With the increase of power consumption in compact electronic devices, passive heat transfer cooling technologies with high heat flux characteristics are highly desired in microelectronics industries. Carbon nanotube (CNT) cluster/forest has high effective thermal conductivity, nano pore size and large porosity, which can be used as wick structure in a heat pipe heatspreader and provides high capillary force for high heat flux thermal management. In this research, investigations of high heat flux cooling of the CNT bi-wick structure are associated with the development of a reliable thermometer and high performance/interface free heater. A 100nm thick and 600μm wide Z-shaped platinum wire resistor is fabricated on the backside of a CNT sample substrate to heat a 2×2mm2 wick area. As a heater, it provides direct heating effect without thermal interface and is capable of over 800°C high temperature operation. As a thermometer, reliable temperature measurement is achieved by calibrating the resistance variation with temperature after the annealing process is applied. The CNT sample substrate is silicon. The backside of the silicon substrate is thermally oxidized to create a 2μm thick and pinhole-free SiO2 layer so that the platinum heater and thermometer can survive from the server CNT growth environments and without any electrical leakage. For high heat flux cooling, the CNT bi-wick structure is composed of 250μm tall, 100μm wide stripe-like CNT clusters and 50μm empty space. Using 1×1cm2 CNT bi-wick samples, experiments are completed in both the open and saturated environments. Testing results of CNT bi-wick structure demonstrate 600W/cm2 heat transfer capacity and good thermal & mass transport characteristics in the nano level porous media.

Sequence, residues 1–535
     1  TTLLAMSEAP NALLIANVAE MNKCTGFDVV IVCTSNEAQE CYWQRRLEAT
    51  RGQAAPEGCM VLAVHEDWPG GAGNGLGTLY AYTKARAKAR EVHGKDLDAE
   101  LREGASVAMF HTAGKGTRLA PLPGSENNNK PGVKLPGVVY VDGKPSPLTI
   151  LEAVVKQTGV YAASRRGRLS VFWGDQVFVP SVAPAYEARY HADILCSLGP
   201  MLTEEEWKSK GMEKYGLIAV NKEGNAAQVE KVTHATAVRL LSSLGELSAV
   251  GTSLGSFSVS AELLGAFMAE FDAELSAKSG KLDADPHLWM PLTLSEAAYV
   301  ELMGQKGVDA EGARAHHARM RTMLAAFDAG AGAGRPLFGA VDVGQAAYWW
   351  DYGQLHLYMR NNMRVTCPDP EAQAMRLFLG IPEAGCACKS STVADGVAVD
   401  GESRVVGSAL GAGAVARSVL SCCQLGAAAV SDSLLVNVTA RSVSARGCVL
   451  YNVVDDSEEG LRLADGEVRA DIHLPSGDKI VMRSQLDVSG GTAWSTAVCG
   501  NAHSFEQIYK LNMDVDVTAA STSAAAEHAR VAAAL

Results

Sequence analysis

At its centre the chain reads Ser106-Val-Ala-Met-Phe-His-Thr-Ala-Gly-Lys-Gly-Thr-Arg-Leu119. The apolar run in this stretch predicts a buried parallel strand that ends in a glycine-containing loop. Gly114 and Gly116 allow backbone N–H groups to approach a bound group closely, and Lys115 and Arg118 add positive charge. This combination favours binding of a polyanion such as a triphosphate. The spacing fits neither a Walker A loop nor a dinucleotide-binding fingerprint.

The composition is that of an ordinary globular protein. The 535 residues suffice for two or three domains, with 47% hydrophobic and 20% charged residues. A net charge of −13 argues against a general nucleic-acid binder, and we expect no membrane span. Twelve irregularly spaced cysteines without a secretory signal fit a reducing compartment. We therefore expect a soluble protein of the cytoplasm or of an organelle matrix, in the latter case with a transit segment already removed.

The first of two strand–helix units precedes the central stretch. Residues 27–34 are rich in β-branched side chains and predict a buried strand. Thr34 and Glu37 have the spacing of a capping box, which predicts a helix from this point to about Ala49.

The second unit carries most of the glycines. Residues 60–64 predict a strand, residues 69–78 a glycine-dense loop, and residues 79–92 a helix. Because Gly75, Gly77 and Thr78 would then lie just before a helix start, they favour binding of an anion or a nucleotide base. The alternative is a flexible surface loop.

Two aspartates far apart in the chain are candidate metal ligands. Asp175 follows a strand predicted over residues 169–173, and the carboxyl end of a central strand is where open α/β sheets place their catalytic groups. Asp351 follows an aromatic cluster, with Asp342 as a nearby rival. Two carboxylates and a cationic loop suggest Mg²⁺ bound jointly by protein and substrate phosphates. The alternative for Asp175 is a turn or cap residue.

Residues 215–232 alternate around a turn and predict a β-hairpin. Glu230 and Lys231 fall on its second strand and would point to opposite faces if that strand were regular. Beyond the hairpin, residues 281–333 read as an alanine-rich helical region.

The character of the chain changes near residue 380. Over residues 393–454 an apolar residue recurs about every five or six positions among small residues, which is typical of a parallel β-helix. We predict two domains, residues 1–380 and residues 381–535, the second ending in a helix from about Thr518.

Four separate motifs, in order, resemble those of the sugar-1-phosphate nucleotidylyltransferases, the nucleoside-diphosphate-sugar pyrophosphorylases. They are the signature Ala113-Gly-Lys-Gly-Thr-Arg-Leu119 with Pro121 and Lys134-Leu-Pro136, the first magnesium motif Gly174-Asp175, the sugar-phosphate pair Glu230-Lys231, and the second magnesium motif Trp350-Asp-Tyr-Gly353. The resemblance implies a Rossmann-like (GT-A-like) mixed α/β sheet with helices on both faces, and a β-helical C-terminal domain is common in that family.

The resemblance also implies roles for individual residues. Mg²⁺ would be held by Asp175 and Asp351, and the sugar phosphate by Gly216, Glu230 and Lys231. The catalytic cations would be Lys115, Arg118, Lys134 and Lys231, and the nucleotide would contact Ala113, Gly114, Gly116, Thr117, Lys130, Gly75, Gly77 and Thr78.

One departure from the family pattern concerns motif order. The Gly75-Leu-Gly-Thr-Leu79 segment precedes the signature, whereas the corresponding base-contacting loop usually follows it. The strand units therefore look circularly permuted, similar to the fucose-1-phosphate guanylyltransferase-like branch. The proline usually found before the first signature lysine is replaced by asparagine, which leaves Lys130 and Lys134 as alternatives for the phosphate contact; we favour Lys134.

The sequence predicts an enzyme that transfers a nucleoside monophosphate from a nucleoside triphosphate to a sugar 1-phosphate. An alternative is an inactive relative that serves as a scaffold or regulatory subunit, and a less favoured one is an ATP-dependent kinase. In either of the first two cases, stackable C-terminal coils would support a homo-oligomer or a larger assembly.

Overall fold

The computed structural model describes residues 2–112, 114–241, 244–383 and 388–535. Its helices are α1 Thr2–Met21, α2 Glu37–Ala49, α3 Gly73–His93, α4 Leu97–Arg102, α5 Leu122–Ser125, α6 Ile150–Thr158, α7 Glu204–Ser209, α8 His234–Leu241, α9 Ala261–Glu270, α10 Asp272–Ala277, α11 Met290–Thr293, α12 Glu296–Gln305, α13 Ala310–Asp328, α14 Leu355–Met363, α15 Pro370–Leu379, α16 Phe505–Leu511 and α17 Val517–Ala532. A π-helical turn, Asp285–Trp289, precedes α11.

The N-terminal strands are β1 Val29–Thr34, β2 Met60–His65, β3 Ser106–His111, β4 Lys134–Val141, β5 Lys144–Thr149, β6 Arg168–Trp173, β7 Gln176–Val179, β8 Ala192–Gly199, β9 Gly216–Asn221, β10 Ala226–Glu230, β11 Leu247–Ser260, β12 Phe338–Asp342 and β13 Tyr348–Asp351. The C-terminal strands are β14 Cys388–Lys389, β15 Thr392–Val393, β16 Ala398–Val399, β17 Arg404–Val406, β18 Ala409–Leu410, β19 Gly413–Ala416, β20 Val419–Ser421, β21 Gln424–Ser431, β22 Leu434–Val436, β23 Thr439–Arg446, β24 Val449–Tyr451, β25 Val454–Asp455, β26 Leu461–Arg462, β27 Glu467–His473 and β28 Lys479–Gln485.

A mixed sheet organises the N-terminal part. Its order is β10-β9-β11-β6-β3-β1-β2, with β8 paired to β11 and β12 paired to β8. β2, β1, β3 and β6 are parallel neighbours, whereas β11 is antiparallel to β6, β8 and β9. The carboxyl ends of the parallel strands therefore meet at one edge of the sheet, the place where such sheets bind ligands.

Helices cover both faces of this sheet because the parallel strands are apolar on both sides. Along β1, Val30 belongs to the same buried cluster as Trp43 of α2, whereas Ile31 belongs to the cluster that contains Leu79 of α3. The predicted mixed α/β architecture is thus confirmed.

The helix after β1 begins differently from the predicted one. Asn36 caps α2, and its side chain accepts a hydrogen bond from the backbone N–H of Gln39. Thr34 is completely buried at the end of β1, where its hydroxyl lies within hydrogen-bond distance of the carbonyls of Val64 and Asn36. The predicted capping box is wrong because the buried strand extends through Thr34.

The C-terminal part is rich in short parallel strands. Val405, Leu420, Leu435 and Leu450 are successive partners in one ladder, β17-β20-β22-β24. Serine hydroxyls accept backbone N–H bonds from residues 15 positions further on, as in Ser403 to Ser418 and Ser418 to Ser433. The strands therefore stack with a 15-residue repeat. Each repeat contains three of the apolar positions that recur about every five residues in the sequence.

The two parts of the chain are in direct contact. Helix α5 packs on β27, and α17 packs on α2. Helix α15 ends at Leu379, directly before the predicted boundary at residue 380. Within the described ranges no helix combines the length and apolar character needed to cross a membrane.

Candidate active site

This content is only available via PDF.
You do not currently have access to this content.